Open MEPs. The Department has chosen to retain nearly the same criteria for these MEPs that were proposed. One subject generating public comments concerned “open MEPs.” EBSA had requested comments on “open MEPs,” which generally are defined contribution retirement arrangements that cover employees of employers with no relationship other than their joint participation in the MEP. After reviewing comments on this subject, the DOL has decided that open MEPs should be further considered and that more information is needed.
Because of differences in opinion on whether and how to permit open MEPs in the comments, as well as pending legislation in Congress, the DOL has decided to solicit comments on a broad range of issues related to open MEPs in a Request for Information for possible future rulemaking. The DOL is mainly soliciting comments on whether to amend its regulations to facilitate the sponsorship of “open MEPs” by persons acting indirectly in the interests of unrelated employers whose employees would receive benefits under such arrangements. The RFI also seeks comments on other issues raised by earlier commenters that were considered beyond the scope of the final association retirement plan regulations.
Comments should be submitted on or before October 29, 2019. Comments may be submitted by one of the following methods: Federal eRulemaking Portal: http://www.regulations.gov; Mail: Office of Regulations and Interpretations, Employee Benefits Security Administration, Room N-5655, U.S. Department of Labor, 200 Constitution Ave. NW., Washington, DC 20210, Attention: 1210-AB92 “Open MEPs” and Other Issues Under Section 3(5) of ERISA.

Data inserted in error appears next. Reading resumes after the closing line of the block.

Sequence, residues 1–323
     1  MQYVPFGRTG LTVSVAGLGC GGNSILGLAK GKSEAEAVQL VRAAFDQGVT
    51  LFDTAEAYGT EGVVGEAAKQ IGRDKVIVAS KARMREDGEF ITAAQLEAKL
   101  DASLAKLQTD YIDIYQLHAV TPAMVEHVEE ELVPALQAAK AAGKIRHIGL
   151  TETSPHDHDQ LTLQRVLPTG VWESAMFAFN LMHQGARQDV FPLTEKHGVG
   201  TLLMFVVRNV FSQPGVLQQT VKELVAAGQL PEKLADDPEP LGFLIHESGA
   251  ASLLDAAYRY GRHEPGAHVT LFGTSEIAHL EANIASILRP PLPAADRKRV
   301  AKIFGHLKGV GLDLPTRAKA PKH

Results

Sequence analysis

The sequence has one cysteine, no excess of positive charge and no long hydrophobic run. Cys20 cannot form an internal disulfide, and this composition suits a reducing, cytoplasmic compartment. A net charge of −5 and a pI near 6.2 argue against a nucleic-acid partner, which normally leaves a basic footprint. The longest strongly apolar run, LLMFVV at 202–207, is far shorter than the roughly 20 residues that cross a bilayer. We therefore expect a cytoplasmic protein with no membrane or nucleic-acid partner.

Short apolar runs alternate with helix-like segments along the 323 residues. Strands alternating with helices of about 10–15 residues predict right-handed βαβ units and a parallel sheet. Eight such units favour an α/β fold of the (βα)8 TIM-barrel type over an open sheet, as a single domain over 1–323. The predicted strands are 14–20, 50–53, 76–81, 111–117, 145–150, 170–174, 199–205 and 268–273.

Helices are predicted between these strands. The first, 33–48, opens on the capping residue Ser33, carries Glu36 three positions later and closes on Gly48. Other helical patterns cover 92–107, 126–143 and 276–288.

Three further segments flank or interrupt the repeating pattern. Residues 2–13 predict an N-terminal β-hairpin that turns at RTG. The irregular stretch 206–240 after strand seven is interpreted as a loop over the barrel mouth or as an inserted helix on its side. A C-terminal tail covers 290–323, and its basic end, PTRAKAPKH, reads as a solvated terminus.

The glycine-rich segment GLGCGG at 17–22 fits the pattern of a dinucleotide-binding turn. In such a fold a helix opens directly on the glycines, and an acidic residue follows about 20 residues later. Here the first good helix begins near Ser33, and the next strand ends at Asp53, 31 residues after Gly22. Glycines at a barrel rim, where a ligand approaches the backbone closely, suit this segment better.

PEOs. One area of the regulations that the DOL has decided to change is a safe harbor structure for PEOs. A bona fide PEO that may establish a MEP must meet several requirements, including performing substantial employment functions on behalf of its client employers. Whether a PEO satisfies this requirement is generally determined based on the facts and circumstances of the particular situation. However, a regulatory safe harbor is also provided for those who prefer more regulatory certainty. The proposed regulations had two safe harbors, one for certified PEOs and one for PEOs that were not certified PEOs. After receiving critical comments concerning the safe harbors, the DOL streamlined the safe harbor structure in the final regulations by providing one safe harbor for all PEOs. Instead of nine criteria, the new safe harbor contains only four criteria, and instead of allowing the PEO the choice of selecting five from among the nine criteria, the new safe harbor requires that the PEO satisfy all four criteria.
The new safe harbor provides that a PEO will be considered to perform substantial employment functions on behalf of its client employers under the following circumstances. First, the PEO assumes responsibility for and pays wages to employees of its client-employers that adopt the MEP, without regard to the receipt or adequacy of payment from those client employers. Second, the PEO assumes responsibility to pay and perform reporting and withholding for all applicable federal employment taxes for its client employers that adopt the MEP, without regard to the receipt or adequacy of payment from those client employers. Third, the PEO plays a definite and contractually specified role in recruiting, hiring, and firing workers of its client-employers that adopt the MEP, in addition to the client-employer’s responsibility for recruiting, hiring, and firing workers. Fourth, the PEO assumes responsibility for and has substantial control over the functions and activities of any employee benefits which the client contract with a client employer may require the PEO to provide, without regard to the receipt or adequacy of payment from the client employer for the benefits. All four of these criteria must be satisfied to meet the safe harbor.
SOURCE: DOL News Release No. 19-1401-NAT.